Volume 12, Issue 48 ~ November 25 - December 1, 2004
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Dock of the Bay

Buying Peace and Quiet

Annapolis Roads Community and Bay Ridge Trust Fend off Development

Just off bustling Forest Drive, with 30,000 motorists whizzing by each day, is an oasis, a community that encompasses woods, wetlands and a golf course. Listen closely and you can hear the crickets chirping.

The serenity of Annapolis Roads will change if a land deal is completed. Riberta Development, LLC, would collaborate with St. Mary’s Church in Annapolis to buy for new development land now used as a golf course. Through restrictions on the deed, the land occupied by the nine-hole golf course — which is owned by Annapolis Roads resident George Graeffee — can only be used for recreation. On it, St. Mary’s would build ballfields and a gymnasium.

“St. Mary’s plan to make Annapolis golf course a ballfield complex would be devastating to our community,” says Dave Buemi, a resident of Annapolis Roads and a member of the property owners’ association’s land-use team.

There’s still more to the deal. If St. Mary’s gets the land for ballfields, both the golf course land and the bordering woods would be annexed, becoming part of Annapolis proper. As city rather than county property, the land’s rezoning would allow the developer to build high-density townhomes and condos.

Thus Riberta Development could construct high-rises on adjacent 33-acre Ogleton Woods, a property it already owns. The dwellings would be specifically for seniors; new family housing cannot be built in the area because its schools are already at capacity.

“Annexation to the city would mean more lax zoning and development standards,” says Buemi.

Independent of the church-developer proposal, Annapolis Roads Property Owners Association has been working for over a year to purchase Ogleton Woods, thus saving the land from rezoning and development.

All this talk of development has Annapolis Roads residents hopping mad. At a community meeting last month, 160 neighbors met to discuss what to do.

“People were really concerned about this,” says resident Kara Flynn. “We’re very worried about how it’s going to change things here.”

Photo by Carrie Steele
Annapolis Roads resident Dave Buemi considers at Ogleton Woods, which could be turned into high rises if sold to a developer.
Their concerns about development are threefold: First, the ballfields would bring additional noise to the relatively quiet communty.

“I have an infant, and I’d be very concerned about noise pollution, with crowds of noisy teenagers rushing to their games,” says Flynn.

Second, residents are concerned about habitat and what the loss of wetlands and woods would mean to ecological diversity.

“This is the last undeveloped tract on Annapolis Neck, and most of Ogleton Woods is wetlands,” says Buemi.

“What’s going to happen to habitat behind my house?” Flynn worries. “Right now there’s ferns, owls, foxes — I guess it just dies. To me, that’s a tradegy.”

Third, development and ballfields would bring hundreds more cars onto the narrow, winding roads. Buemi estimates 1,000 more cars a day, all entering from Annapolis Roads’ sole entrance, Carrollton Drive. The only road to Carrollton Drive — Forest Drive, which becomes Bay Ridge Avenue — serves the whole southern side of the Annapolis Neck peninsula, which encompasses many communities as well as Annapolis Roads.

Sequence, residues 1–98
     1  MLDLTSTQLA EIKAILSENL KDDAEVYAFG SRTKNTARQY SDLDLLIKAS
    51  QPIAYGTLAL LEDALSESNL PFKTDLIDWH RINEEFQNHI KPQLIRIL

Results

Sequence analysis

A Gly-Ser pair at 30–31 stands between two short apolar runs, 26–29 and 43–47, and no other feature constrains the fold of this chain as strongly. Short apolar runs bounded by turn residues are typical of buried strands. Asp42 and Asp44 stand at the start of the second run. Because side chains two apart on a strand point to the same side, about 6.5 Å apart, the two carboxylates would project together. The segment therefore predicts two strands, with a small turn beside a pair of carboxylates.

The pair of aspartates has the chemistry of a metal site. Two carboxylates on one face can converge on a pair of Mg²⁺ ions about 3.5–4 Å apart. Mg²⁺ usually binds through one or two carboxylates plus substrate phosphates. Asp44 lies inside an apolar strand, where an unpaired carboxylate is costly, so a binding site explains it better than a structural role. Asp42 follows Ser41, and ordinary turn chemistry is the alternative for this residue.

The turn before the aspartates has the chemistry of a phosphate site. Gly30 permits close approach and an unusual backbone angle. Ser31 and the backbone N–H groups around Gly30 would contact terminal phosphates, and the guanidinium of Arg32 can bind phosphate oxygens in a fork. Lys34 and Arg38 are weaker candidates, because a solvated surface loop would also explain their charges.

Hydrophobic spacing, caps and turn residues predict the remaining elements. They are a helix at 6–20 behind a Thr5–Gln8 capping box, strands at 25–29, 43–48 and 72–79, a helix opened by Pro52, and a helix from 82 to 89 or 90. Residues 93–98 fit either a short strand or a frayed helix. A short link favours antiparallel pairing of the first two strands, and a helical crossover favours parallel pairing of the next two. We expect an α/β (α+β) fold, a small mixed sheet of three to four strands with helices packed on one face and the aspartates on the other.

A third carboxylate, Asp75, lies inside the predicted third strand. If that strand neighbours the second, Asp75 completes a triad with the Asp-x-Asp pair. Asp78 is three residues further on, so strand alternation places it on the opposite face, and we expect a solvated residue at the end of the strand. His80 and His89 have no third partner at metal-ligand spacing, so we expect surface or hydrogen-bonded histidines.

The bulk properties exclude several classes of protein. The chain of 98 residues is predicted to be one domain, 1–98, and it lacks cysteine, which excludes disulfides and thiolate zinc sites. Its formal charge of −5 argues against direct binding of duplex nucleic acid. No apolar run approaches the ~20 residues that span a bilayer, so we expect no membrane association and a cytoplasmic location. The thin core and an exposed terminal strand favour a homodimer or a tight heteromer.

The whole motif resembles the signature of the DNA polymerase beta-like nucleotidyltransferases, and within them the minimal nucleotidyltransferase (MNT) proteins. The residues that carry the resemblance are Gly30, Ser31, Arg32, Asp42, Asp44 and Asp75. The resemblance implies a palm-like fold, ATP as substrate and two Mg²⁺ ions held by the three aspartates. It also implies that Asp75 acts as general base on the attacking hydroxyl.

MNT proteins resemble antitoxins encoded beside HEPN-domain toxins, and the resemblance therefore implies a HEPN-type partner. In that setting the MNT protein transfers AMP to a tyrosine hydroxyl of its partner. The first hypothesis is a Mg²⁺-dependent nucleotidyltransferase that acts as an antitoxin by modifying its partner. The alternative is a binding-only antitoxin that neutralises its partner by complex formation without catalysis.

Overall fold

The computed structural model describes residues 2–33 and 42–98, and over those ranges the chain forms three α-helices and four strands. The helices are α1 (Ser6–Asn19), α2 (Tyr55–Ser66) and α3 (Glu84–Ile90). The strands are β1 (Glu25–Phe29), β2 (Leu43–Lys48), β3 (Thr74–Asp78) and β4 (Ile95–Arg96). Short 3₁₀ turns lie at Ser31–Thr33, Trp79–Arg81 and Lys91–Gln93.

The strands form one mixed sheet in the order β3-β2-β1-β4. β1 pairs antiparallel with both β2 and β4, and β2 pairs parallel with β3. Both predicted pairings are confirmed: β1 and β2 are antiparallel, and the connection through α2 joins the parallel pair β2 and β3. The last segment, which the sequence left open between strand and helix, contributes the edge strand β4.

Annapolis Roads isn’t alone in trying to outbid developers: The community’s next-door neighbor is Bay Ridge. Since 1989, the Bay Ridge Trust has preserved 114 acres of undeveloped land on the Annapolis Neck Peninsula.

Now the Bay Ridge Trust is helping the Annapolis Roads Property Owners Association bid to keep its green island. “The trust is providing the 501c mechanism that allows for donations to be tax-deductible,” says the Trust’s Bill Davidson. “The Trust would purchase the rights to devlopment from the association and extinguish those rights through a conservation easement.”

In other words, the Trust would own the rights to develop the land, with conservation restrictions becoming part of the permanent deed.

“We’ve been endevoring in this for about a year now,” says Davidson. “This is the model that makes the most sense: for Annapolis Roads to own the land and then sell development rights to the Trust. This will be maximum pay for conservation value.”

Such deals are nothing new to the Trust, which has accepted land donations and purchased easements on other land in the Annapolis Neck peninsula, including parcels in Bay Ridge, Hillsmere and the Chespeake Bay Foundation’s Bay Ridge property.

The Trust has had appraisals done on the land but are not telling how much money will need to be raised.

“I think that we have an offer that is fair,” says Trust president Dan Wells. “The community is very concerned and determined.”

The property owners association began campaigning for donations in October, when they recieved a challenge grant for hudreds of thousand of dollars from within the community. They’re planning to present their case, along with pledge forms, to neighborhoods both inside and outside Annapolis Roads. The donations will be collected by the trust; anyone who wants to protect the woods and land can contribute.

“We already have several hundred thousand dollars,” Buemi saud. “We’re a qualified buyer.”

Residents have waged a letter-writing battle as well, targeting St. Mary’s Church, County Executive Janet Owens and Annapolis Mayor Ellen Moyer.

“I’m so impressed with the resident response,” Buemi said. “We’ve flooded officials with letters. The community’s extremely united and very motivated.”

Sandwiched between Lake Ogleton and the Chesapeake Bay, the Annapolis Roads neighborhoods feature winding roads with well-wooded lots and plenty of green space and water. The community, designed in part by the prestigious Olmsted Brothers, was built in sections of houses around the golf course, starting in 1926.

“This is just beautiful,” Buemi said as he motioned to woods leading up to Lake Ogleton, “We just try to be stewards of it and make sure it doesn’t get totally obliterated.”

—Carrie Steele

Photo by Carrie Steele
Craftsman James Beggins, with fellow woodwright James McMartin, not shown, built the governor’s new desk from the fallen Wye oak.
The Mighty Wye Lives On Maryland’s Gov. Sits at History’s Desk

There’s no raven that comes with this writing desk, but it’s full of stories nonetheless.

The new desk at which Gov. Robert Ehrlich and his successors will work is wood from the fallen 460-year-old Wye Oak tree.